What Should I Pack For The Inca Trail?
What Should I Pack For The Inca Trail? – Journeys to Peru can cover a lot of ground. This wildly dynamic South American nation traverses a wide range of ecosystems and landscapes from the tropical Amazonian lowlands to the windswept Pacific coast, crossing the mighty Andes mountains on the way. One of Peru’s national treasures that draws adventurers from every corner of the globe is Machu Picchu, built by the historic indigenous society of the Incas. Situated at 7,972 feet above sea level near the culturally rich city of Cusco, Machu Picchu is reached via several challenging trails ranging from 12 to 40 miles that endure as many a travelers’ dream. Success and enjoyment require planning ahead by choosing the experienced operators (Global Basecamps – check!) and personal preparation. Keep reading as we take the next step: choosing the right gear.
As the previous blog post we mentioned to elaborates on, two of the most important items there are for Machu Picchu tours on the Inca Trail (or any other trekking endeavor) are your mind and body. Ensuring you are in the mental and physical condition needed for your trek is essential, just like having the right gear! With that foundation, let’s explore the gear to make your trek awesome with categories and a packing list to get you on the right track, including luggage, clothing, other equipment, and personal care items.
Having a large duffel bag (about 30L) that fits your trekking backpack (a backpacking pack of 20-35L) plus your extra gear is great to have. You’ll likely be stashing some gear at a pre-/post-trek accommodation or having porters carry extra gear for you, so having a larger bag that fits everything is very convenient.
Multipurpose, comfortable clothing made for travel and outdoor activities is best. Breathable, abrasion-resistant synthetic fabrics that dry quickly and are suitable for a variety of weather conditions are the way to go. Dressing in layers – having more, lighter weight items rather than fewer, heavier weight ones – allows you to add or shed layers depending on weather and level of physical activity. Wise choices in well broken-in footwear are particularly important, as your feet will be put to the test on a daily basis. Hats for cold and sun are also critical.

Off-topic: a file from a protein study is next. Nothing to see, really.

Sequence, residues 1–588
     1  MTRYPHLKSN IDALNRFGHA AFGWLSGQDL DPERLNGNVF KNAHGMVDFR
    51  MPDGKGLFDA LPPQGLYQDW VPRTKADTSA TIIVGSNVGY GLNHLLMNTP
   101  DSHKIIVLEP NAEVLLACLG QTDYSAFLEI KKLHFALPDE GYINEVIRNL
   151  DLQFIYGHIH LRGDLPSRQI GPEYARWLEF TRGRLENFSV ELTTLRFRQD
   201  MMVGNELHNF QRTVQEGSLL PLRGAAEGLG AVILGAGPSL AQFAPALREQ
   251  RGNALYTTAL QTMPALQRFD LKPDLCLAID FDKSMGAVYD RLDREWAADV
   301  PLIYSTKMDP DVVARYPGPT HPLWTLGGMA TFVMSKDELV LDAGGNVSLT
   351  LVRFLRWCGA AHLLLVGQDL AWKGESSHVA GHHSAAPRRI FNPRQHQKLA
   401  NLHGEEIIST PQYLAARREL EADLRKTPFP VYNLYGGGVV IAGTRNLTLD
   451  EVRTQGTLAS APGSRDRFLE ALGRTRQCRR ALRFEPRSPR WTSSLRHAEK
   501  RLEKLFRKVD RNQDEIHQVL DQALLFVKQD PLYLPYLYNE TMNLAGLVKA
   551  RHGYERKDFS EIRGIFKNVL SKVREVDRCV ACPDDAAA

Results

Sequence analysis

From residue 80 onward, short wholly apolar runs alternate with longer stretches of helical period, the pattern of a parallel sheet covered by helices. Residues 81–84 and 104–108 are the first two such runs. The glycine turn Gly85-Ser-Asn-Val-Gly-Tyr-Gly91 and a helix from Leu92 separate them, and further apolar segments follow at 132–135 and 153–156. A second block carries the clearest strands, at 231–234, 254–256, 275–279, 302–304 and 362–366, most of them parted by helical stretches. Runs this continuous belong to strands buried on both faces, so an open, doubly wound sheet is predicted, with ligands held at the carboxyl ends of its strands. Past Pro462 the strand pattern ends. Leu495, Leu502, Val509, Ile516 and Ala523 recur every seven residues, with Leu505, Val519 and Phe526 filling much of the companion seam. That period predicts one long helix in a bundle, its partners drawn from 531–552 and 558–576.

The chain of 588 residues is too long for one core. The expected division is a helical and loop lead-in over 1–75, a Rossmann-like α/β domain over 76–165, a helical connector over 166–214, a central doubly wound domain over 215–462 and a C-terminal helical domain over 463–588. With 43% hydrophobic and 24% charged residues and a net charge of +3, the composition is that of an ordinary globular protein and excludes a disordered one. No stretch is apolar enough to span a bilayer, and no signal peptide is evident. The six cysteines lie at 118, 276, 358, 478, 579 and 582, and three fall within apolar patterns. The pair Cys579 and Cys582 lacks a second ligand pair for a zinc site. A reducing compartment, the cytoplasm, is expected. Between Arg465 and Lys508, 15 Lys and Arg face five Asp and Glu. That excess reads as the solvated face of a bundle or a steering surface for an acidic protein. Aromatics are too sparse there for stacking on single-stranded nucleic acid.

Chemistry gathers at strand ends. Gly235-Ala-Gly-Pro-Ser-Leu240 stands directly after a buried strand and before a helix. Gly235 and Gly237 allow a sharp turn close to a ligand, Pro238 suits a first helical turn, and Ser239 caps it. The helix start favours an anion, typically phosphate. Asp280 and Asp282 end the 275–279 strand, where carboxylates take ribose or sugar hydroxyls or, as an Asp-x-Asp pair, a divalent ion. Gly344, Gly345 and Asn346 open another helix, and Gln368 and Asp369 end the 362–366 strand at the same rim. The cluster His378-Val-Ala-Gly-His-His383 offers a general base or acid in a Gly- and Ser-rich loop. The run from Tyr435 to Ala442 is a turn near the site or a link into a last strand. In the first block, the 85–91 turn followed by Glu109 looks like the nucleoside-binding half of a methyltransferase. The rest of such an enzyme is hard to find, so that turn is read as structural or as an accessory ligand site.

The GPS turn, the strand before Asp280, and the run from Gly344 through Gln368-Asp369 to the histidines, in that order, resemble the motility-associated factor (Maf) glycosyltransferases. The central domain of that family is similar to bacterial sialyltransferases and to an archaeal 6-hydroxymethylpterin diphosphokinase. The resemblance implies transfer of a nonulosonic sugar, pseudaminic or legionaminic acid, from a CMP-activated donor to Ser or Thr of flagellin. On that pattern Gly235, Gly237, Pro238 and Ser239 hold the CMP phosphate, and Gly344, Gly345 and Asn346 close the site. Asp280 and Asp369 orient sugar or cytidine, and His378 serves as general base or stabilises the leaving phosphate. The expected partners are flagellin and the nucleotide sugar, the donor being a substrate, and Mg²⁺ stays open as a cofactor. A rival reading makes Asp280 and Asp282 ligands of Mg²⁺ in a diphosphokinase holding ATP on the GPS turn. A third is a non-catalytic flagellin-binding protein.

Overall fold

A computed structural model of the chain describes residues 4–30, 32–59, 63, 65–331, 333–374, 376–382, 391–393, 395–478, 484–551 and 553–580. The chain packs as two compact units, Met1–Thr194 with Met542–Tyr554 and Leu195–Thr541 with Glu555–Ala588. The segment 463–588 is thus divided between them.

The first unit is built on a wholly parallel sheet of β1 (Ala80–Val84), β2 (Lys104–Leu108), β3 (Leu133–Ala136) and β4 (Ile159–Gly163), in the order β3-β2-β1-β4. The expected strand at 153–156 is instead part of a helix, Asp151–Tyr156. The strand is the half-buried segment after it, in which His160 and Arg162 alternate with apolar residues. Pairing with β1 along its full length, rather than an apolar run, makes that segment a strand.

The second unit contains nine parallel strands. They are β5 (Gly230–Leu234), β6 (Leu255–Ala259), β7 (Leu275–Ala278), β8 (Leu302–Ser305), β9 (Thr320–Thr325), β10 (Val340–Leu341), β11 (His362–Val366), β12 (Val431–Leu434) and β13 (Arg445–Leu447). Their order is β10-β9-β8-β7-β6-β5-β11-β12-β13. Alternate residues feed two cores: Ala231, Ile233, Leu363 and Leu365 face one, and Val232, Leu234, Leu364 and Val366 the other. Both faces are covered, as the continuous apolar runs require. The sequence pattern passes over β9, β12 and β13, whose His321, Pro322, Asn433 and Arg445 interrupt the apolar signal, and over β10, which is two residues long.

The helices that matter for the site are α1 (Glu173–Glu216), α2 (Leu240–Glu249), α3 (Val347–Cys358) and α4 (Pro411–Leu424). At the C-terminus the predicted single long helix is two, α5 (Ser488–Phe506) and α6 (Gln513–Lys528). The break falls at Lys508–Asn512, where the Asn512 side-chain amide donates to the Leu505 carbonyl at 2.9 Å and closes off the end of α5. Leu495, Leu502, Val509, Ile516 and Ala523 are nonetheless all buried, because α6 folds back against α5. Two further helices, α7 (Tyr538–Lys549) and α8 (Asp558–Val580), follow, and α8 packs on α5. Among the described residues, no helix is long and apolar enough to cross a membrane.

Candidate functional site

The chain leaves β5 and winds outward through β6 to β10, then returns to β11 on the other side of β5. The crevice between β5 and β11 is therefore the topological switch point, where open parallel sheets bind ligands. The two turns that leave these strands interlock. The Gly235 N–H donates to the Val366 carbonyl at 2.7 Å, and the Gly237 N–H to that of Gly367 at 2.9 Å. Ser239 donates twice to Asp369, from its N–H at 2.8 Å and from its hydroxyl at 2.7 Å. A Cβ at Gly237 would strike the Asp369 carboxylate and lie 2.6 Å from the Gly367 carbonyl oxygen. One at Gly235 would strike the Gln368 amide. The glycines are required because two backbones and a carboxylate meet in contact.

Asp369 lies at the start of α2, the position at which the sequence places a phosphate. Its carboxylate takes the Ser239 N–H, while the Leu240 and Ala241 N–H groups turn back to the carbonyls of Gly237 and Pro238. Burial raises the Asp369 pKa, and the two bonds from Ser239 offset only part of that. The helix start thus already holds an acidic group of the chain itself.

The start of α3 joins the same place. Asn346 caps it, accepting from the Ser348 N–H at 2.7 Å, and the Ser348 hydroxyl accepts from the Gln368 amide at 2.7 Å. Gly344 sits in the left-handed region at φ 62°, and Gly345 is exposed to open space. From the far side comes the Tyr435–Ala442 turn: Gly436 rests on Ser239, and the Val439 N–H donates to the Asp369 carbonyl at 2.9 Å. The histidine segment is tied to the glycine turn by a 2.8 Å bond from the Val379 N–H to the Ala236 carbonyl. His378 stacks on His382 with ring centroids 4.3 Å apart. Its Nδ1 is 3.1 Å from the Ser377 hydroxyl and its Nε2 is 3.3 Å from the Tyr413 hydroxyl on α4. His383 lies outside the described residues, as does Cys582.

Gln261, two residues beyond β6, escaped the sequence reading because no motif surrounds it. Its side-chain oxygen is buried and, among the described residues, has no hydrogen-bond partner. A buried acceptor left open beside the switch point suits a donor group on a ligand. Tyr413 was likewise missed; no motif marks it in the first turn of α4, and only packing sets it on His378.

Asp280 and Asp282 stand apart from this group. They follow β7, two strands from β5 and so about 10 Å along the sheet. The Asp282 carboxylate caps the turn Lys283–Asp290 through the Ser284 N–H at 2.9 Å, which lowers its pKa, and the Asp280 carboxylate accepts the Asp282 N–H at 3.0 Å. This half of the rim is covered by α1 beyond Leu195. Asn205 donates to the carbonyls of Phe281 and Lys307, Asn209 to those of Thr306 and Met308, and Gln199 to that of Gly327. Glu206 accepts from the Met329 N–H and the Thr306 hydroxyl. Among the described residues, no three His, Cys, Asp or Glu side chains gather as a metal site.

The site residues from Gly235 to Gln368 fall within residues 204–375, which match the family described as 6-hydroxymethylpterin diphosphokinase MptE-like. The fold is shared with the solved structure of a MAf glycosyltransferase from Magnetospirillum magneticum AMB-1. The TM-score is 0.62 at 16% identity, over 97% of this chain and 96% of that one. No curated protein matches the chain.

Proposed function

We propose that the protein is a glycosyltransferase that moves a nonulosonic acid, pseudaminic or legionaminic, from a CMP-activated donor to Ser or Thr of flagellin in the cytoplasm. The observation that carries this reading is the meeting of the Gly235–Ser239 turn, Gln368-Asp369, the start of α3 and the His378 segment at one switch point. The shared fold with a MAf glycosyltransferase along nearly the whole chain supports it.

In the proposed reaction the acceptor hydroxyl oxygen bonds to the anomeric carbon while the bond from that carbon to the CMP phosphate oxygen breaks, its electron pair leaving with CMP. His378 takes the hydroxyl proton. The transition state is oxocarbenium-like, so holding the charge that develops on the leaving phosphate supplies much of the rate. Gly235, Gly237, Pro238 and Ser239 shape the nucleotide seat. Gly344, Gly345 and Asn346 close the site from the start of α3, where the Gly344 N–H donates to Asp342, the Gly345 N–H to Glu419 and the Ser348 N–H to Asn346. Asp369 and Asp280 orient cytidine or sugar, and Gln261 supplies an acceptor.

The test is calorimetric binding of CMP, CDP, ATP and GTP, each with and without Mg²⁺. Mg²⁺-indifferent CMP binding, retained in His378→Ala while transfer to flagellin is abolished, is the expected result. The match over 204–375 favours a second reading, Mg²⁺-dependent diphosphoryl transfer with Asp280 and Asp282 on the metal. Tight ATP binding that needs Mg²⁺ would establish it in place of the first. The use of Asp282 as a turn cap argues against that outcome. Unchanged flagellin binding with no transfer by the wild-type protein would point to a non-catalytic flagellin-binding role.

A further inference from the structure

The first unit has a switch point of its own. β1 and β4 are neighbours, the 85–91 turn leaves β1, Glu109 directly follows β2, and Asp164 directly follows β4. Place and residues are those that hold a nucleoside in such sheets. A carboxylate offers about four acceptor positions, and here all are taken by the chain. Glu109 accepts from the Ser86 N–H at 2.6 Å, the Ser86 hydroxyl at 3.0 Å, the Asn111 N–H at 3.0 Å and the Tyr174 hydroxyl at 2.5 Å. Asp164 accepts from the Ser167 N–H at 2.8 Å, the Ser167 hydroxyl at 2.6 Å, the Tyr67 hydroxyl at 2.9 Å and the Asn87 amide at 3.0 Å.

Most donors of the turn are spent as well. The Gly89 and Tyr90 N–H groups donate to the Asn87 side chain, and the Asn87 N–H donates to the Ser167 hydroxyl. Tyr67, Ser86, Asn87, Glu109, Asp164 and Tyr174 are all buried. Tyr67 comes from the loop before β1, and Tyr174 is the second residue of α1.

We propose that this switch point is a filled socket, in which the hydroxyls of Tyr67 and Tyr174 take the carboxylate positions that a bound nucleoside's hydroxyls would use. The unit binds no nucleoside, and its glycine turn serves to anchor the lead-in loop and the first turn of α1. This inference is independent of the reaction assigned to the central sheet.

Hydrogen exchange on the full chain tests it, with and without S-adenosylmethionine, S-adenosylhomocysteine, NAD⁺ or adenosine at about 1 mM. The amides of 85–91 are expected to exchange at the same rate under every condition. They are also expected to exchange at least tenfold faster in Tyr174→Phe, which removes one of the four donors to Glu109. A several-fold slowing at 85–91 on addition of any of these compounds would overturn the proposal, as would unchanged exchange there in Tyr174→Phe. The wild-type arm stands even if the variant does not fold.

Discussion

Start Planning A handful of other pieces of equipment (like trekking poles, brought from home or rented) have come commonplace on Machu Picchu tours and other trekking excursions. These and other miscellaneous gear, along with well-chosen personal care items, are important to consider as you plan and pack.
Getting your gear together before your trip can be both fun and a challenge, and using the guidelines here will help you with this process. Inca Trail tours can be a peak life experience – we wish you the best and are here to help as you prepare!
Helpful Packing List – What Should i Pack For The Inca Trail?
You MUST take your passport (the original, not a photocopy). Keep it in a ziplock bag, in case it rains.
A sleeping bag:
A four season (-10) bag is suggested during winter, otherwise a three season (-5) bag should be fine (depending on how much you feel the cold). You have the option of hiring a sleeping bag – just let your leader know at the pre-trek briefing. Hiring a bag will set you back about USD25.
A water bottle:
You need to carry at least two litres with you each day. We suggest buying two x one-litre bottles (or a hydration bladder) that you can refill each day on the trek (cooled boiled water will be supplied daily).
Waterproof, worn-in hiking boots:
This is important. PLEASE PACK COMFORTABLE, WORN-IN, WATERPROOF HIKING BOOTS!! Your boots should be lightweight, and have good ankle support and grip. There are a LOT of rocks and steps along the trail, and you don’t want to be slipping and sliding your way to Machu Picchu! Also, ill-fitting shoes can result in lost toenails. Just saying.
No matter the temperature, trekking definitely warms you up. It’s good to pack layers; clothes that you can easily take off and put on.
– Two pairs of long walking trousers (zip offs are handy, but not a necessity) or exercise tights
– Two t-shirts
– Two long-sleeved t-shirts
– A lightweight rain-jacket or waterproof poncho
– Five pairs of thick socks
Keep these packed in your duffel bag, so there’s no chance of them getting wet during the day.
– One fleece jumper/sweater
– A pair of long pants
– Woollen hat and gloves
– Thermal underwear
– Flip flops/thongs (to wear around camp in the evening and give your feet a break from boots)
This is just as important as good shoes. One or two rolls should be enough. You should also pack some plastic bags, so you can bag up your paper and rubbish along the way (the porters carry rubbish in large bags). Many trekkers leave their paper on the trail after they relieve themselves, which is very uncool.
Basic personal toiletries:
Prepare to embrace your grimy side – you won’t have access to a shower on the Inca Trail until day three, and the facilities aren’t particularly glamourous (you’re unlikely to have any hot water either). We suggest packing a small towel, deodorant, and a packet of wet wipes – very handy in lieu of a shower.
A basic first aid kit: Consisting of bandaids, Imodium, Panadol, rehydration sachets, antiseptic hand gel, insect repellent, and any personal medication you may need along the way. Your leader will have a first aid kit, but it’s good to include a few personal items (just in case).
Sunscreen, sunglasses and sunhat
A standard torch/flashlight (a head torch is even better):
Why? Because when you crawl out of your tent to use the bathroom in the middle of the night, you want to be able to see where you’re going. A head torch negates the need to awkwardly balance your torch on the ground. Also, spare batteries.
A small amount of cash: (USD100-65 in small denominations) to tip your guides and porters